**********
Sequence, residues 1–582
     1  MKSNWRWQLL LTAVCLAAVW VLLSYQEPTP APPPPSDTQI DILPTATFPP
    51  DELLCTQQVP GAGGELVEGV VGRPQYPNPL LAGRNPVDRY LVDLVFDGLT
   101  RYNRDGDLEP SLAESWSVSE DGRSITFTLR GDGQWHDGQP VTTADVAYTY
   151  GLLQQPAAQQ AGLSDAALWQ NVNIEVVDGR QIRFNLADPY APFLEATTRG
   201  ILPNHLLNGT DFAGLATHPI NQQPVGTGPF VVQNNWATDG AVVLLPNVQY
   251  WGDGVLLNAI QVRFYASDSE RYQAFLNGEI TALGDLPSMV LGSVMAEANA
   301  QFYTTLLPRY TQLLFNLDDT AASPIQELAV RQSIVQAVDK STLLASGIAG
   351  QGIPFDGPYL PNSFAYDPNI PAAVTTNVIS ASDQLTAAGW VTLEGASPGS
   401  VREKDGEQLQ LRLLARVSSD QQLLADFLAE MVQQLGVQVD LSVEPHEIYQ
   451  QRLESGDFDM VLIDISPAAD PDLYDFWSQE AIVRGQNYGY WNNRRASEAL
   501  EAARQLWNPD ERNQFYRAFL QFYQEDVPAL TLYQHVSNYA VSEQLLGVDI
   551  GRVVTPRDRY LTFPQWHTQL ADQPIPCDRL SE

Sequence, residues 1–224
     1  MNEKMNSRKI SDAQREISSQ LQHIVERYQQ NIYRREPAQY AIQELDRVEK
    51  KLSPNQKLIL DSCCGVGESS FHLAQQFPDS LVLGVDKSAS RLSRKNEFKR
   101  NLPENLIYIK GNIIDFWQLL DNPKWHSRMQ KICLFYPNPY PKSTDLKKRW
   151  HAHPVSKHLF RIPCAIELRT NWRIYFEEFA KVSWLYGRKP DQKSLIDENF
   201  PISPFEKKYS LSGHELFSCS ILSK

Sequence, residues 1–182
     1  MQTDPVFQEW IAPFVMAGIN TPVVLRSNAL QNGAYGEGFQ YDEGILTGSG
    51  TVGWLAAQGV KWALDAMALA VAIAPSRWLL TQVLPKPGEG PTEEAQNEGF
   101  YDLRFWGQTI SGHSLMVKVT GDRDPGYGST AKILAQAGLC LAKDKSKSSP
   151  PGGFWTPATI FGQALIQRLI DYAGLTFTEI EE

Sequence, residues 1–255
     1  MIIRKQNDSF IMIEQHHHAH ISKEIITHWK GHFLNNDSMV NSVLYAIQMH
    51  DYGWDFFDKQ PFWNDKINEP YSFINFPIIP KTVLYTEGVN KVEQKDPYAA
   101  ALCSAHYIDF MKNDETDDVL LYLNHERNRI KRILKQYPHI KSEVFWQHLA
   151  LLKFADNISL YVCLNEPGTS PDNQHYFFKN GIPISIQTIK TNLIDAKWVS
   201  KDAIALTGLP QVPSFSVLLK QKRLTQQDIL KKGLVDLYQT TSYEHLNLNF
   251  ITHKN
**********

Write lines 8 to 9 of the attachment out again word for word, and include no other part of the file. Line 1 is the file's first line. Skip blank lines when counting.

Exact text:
   301  QFYTTLLPRY TQLLFNLDDT AASPIQELAV RQSIVQAVDK STLLASGIAG
   351  QGIPFDGPYL PNSFAYDPNI PAAVTTNVIS ASDQLTAAGW VTLEGASPGS